Mr. Darcy’s Guide to Courtship: The Secrets of Seduction from Jane Austen’s Most Eligible Bachelor, by Fitzwilliam Darcy & Emily Brand – A Review

Mr. Darcy's Guide to Courtship 2013 From the desk of Kimberly Denny-Ryder

In the modern era, more than 200 years since Jane Austen’s time, there is still a strong and robust following and appreciation of her works. Most notably, there is a nod to her forward-thinking views about women and how they should behave and act, which were at odds with the conventional wisdom of the time. What if we stood this entire paradigm on its head and acted as though these conventions were true? What would men of this era have to say about women, and more importantly how would they rationalize these opinions? We must look no further than Mr. Darcy’s Guide to Courtship by Emily Brand, which offers up a very tongue-in-cheek view on this very subject.

Written from the point of view of Mr. Fitzwilliam Darcy himself, Mr. Darcy’s Guide to Courtship is a work loosely based on Regency-era advice publications, which instructed readers on how to behave and the socially acceptable guidelines to which men and women should adhere. Of course, it speaks volumes on how men perceived women in that time period, and it still remains relevant today as we see the implications of these points of view on how men act in present day. Additionally, the reader is treated to sections written by other characters, such as Mr. Collins and Wickham, as well as Darcy’s own personal correspondence with other characters. Continue reading

Jane Austen @ the Super Bowl with Rosanne Cash

Rosanne Cash

Not only is signer-songwritter-author Rosanne Cash best friends with actress Jennifer Ehle (Lizzy Bennet in another life), but she is a wicked Jane Austen channeler on Twitter. Here are some of her tweets in Austenesque fashion during the Super Bowl yesterday.

@RosanneCash

  • Regarding the Legume Chorale, it grieves me to note that the spectacle exceeds the musicality.
  • Some ladies are determined to sport bonnets made of cheese. I must take to my bed.
  • The manly vigor is indeed impressive, but I don’t have the pleasure of understanding the purpose.
  • One hopes the unfortunate incident involving the lady’s corset is not repeated on this occasion.
  • The gentleman in the stripes? A known blackguard! I send no compliments to his mother.
  • There is a uniformity of ill-favor in the appearance of the spectators. Who are their families? Tradesmen, surely.
  • Word arrives that there will be a longish pause midway through the event. One hopes to be excessively diverted.
  • Such lust for possession of an inanimate object so entirely lacking in aesthetic merit does not bode well.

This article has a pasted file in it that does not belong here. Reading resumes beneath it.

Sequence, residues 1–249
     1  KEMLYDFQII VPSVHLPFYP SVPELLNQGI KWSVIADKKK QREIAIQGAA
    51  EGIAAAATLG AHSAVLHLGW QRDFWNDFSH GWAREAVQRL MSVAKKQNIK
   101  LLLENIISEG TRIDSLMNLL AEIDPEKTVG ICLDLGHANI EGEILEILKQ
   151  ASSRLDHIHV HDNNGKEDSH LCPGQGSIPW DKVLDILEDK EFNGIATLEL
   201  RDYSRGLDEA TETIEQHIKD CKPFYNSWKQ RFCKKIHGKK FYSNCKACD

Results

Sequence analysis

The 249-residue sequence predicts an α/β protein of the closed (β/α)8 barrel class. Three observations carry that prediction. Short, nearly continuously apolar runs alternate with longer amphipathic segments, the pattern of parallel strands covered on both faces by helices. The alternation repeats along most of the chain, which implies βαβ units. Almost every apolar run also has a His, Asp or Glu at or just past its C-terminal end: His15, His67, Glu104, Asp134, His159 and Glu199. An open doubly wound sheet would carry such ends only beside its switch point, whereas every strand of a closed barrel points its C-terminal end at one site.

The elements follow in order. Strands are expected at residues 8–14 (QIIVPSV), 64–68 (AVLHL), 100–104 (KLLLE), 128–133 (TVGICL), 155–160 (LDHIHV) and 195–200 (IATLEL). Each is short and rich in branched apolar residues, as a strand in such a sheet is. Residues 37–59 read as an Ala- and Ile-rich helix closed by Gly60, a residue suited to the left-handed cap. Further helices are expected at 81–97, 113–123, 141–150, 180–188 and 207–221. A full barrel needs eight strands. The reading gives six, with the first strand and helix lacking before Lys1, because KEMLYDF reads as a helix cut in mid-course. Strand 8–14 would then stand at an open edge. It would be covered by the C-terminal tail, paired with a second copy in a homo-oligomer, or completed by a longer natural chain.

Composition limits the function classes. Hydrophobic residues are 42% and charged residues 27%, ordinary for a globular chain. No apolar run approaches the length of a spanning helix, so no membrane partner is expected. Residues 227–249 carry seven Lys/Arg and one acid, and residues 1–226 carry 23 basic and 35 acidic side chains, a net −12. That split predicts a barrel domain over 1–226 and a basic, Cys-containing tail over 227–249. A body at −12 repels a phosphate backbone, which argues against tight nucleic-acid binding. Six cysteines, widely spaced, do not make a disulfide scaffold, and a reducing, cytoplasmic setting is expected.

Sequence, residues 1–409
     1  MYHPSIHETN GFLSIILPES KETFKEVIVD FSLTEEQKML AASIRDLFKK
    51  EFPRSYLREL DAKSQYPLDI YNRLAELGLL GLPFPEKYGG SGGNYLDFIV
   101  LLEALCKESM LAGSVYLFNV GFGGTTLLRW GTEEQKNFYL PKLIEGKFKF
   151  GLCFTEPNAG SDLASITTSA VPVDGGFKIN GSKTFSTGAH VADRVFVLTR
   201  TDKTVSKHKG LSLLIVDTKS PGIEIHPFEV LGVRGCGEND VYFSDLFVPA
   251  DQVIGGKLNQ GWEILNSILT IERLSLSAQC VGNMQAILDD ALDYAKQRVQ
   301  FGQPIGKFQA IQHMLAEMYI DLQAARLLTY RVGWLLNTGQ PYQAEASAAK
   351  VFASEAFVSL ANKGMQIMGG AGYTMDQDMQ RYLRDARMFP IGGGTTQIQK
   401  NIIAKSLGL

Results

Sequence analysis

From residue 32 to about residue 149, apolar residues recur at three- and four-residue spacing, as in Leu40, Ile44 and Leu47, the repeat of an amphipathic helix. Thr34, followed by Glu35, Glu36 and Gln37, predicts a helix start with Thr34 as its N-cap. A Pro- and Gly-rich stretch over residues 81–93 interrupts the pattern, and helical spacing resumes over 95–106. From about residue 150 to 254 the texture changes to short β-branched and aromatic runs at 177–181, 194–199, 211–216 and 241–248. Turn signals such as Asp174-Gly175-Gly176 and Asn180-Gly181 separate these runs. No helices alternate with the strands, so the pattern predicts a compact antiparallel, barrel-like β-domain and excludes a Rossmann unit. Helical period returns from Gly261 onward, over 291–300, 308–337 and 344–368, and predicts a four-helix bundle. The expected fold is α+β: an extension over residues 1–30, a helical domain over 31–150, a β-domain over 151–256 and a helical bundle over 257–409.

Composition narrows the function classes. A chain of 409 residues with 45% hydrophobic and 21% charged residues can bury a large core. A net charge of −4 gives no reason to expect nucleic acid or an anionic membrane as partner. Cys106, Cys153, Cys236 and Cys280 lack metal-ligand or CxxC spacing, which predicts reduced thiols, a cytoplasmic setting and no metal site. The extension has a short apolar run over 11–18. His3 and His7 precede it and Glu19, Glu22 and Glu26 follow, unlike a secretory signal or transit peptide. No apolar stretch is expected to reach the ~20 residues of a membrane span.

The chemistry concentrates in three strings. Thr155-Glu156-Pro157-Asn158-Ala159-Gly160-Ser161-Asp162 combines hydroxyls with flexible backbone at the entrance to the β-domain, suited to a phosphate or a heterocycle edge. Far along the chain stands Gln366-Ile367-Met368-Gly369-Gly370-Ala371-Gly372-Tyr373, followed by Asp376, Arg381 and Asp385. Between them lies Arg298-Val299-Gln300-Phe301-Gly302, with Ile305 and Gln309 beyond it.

• Are they to be murdered on the field?! Such an ill-advised display of manhood is indeed alarming.
  • The proscribed repast is an abomination! Could we not conceive of a tea more pleasing and refined?

You can find more tweeps tweeting our Jane during the game by using the hashtag #JaneAustenAtTheSuperBowl

We love Roanne Cash and wish she would write a short story for our Jane Austen anthology Jane Austen Made Me Do It.

She is the very talented American singer-song writer, author and eldest daughter of of the late country music singer Johnny Cash and his first wife, Vivian Liberto Cash Distin. Passionate Twitterer, she occasionally channels our Jane to much hilarity and acclaim. Bravo Rosanne. Janeites everywhere salute you for your conceited independence and unruly impertinence. Her new biography Composed: A Memoir was released last August to rave reviews.

Further reading and tweeting

© 2007 – 2011 Laurel Ann Nattress, Austenprose

Two Guys Read Jane Austen, by Steve Chandler and Terrence N. Hill – A Review

Two Guys Read Jane Austen (2008)“Jane’s got more adoring female fans than Brad Pitt, and my guess is they’re more intelligent too!” Terrence Hill 

Given the choice of reading Pride and Prejudice or watching a football game, which do you think the average all American male would choose?  If this is a no brainer, you have recognized the male/female divide of how men and women think and feel differently, and the reason why the “Two Guys”, Steve and Terry were lured by their wives into writing their new book Two Guys Read Jane Austen in the first place. 

Lifelong friends for over fifty years, these “Two Guys” are a perfect pair to chat about a subject where most men fear to tread. Both professional writers with impressive resumes, Steve Chandler is a best selling author, business coach and corporate trainer, and Terrence Hill, award winning adman, poet, short story and stage play writer,  adding clout and experience to their observations. This is their third book in the critically-acclaimed “Two Guys” series and may be their biggest challenge yet – Jane Austen, who the guys admit is a hot property and hope might garner big royalties ala best selling author John Grisham! They are of course only kidding between themselves, typical of this epistolary missive that is formatted like an e-mail in box with actual correspondence between the two authors as the read Pride and Prejudice and Mansfield Park together. What evolves is not only an insightful and funny male perspective of two typically female favorite classic books, but their views on Jane Austen’s impact on modern culture, and pretty much all around story swapping guy style.